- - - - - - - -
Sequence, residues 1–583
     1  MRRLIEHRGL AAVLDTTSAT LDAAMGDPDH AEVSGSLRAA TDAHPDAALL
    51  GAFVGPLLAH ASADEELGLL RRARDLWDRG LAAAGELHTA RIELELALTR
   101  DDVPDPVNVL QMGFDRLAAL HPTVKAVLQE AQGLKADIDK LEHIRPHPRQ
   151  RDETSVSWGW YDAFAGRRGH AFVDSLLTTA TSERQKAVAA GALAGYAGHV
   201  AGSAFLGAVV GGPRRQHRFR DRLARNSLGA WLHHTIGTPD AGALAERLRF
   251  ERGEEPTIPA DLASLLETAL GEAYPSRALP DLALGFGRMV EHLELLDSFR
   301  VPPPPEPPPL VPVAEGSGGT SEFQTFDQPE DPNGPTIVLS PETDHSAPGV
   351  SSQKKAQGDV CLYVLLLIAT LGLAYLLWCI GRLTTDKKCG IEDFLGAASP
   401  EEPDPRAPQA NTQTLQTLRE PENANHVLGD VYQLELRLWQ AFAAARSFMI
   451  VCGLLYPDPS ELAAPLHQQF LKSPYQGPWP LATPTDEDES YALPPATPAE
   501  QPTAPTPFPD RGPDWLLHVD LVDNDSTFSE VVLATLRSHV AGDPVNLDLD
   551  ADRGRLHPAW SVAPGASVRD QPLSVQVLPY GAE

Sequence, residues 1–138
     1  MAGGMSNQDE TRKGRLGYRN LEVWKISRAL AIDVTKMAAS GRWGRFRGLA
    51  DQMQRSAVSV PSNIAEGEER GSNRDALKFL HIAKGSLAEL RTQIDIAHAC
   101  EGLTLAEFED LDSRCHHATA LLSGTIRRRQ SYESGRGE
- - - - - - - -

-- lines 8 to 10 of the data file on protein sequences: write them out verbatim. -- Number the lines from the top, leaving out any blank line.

   301  VPPPPEPPPL VPVAEGSGGT SEFQTFDQPE DPNGPTIVLS PETDHSAPGV
   351  SSQKKAQGDV CLYVLLLIAT LGLAYLLWCI GRLTTDKKCG IEDFLGAASP
   401  EEPDPRAPQA NTQTLQTLRE PENANHVLGD VYQLELRLWQ AFAAARSFMI